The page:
Alzheimer's Disease Therapeutics: Alternatives to Amyloid 2019
Wednesday, November 20, 2019, 8:30 AM - 6:05 PM EST
The New York Academy of Sciences, 7 World Trade Center, 250 Greenwich St Fl 40, New York
The New York Academy of Sciences
For the last 25 years, research in Alzheimer’s disease has focused on amyloid as the key driver of disease pathogenesis. However, the recent failure of several Phase III clinical trials targeting amyloid has reinforced the need to critically evaluate these trials and consider different approaches. There is burgeoning interest in identifying alternative drug targets: over half of ongoing preclinical research in Alzheimer’s disease now focuses on neuro-inflammation, bioenergetics, epigenetics, protein homeostasis and other alternative pathways.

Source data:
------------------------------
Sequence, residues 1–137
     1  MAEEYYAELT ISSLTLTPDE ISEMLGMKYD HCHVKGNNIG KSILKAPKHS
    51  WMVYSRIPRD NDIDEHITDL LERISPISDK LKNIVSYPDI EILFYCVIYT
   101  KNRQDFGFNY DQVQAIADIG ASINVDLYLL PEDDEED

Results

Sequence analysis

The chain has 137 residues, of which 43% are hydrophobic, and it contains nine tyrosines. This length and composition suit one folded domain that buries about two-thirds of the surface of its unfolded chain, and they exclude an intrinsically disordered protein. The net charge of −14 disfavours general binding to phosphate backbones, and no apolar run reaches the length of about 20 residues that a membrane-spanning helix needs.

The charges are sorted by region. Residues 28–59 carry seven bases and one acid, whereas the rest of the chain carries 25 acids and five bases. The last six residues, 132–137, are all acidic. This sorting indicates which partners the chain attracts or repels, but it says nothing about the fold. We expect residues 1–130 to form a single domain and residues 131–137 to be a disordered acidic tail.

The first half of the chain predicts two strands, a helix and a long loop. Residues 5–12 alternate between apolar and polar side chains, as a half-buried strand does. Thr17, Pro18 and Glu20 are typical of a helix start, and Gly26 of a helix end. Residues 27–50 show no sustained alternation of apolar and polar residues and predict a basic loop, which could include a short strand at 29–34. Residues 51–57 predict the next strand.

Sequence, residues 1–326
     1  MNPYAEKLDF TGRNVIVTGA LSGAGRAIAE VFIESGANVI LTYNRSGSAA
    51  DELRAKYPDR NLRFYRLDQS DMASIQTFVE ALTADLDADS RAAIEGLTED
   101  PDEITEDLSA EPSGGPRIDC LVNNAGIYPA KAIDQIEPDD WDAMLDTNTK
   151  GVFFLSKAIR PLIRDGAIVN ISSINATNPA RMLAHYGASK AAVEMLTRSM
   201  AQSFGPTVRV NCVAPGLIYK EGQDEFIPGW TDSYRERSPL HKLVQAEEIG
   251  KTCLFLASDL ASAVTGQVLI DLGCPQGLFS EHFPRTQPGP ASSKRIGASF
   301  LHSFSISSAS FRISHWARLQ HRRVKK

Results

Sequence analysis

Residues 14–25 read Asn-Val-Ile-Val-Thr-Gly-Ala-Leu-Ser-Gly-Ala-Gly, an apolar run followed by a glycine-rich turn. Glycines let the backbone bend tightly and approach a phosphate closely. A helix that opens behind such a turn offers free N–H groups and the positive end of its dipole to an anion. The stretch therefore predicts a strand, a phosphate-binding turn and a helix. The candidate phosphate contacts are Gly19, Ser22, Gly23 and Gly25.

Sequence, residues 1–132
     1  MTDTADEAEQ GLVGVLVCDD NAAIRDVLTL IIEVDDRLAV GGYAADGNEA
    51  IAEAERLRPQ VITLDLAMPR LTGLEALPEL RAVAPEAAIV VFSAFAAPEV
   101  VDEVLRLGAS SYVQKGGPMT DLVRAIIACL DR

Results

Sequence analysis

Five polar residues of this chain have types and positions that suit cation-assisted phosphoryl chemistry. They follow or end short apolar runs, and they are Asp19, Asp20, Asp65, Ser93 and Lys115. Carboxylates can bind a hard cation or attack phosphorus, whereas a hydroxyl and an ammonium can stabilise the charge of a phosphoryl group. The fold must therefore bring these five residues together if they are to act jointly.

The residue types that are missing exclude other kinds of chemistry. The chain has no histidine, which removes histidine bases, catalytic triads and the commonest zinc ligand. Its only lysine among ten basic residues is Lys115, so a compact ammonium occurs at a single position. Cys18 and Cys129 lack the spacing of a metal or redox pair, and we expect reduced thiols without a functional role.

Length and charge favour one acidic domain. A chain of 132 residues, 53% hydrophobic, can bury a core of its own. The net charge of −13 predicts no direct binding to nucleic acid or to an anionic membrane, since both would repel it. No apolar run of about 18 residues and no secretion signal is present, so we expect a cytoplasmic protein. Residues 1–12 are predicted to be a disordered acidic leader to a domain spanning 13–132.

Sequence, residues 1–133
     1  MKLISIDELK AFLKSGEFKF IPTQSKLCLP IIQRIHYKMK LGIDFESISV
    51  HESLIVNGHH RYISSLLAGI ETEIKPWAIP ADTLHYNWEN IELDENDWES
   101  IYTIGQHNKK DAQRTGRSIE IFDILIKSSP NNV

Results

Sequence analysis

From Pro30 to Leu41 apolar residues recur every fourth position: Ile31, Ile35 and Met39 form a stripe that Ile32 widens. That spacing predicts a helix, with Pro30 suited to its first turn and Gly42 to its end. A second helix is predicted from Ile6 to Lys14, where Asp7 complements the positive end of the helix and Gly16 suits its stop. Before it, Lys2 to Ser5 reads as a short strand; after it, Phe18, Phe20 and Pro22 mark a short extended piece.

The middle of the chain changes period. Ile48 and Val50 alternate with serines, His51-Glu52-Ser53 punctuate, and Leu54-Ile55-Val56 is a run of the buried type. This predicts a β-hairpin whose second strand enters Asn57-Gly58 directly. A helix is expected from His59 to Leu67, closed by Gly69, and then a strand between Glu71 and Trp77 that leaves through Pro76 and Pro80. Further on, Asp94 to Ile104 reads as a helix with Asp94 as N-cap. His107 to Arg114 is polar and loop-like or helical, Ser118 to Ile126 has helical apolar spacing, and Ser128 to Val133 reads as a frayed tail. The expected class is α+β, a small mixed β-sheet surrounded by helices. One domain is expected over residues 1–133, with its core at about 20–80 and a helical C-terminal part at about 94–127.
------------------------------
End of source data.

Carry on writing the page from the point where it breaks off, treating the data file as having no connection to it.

This conference will consider the landscape of Alzheimer’s disease research including the current state of the amyloid hypothesis, emerging disease mechanisms, and strategies to develop novel therapeutic approaches.
Scientific Organizing Committee
Alzheimer's Drug Discovery Foundation
Harvard Medical School
GBZ Consulting Group
The New York Academy of Sciences
The New York Academy of Sciences
Washington University School of Medicine
University of Arizona
Washington Unversity School of Medicine
University of British Columbia
Icahn School of Medicine at Mount Sinai
University of Chicago
Massachusetts Institute of Technology
Massachusetts General Hospital, Harvard Medical School
Johns Hopkins University
University of Florida College of Medicine
November 20, 2019
Breakfast and Registration
Introduction and Welcome Remarks
Session 1: Perspectives on the Future of Alzheimer’s Disease Research
What Would be Good Targets to Prevent or Treat Alzheimer's Disease?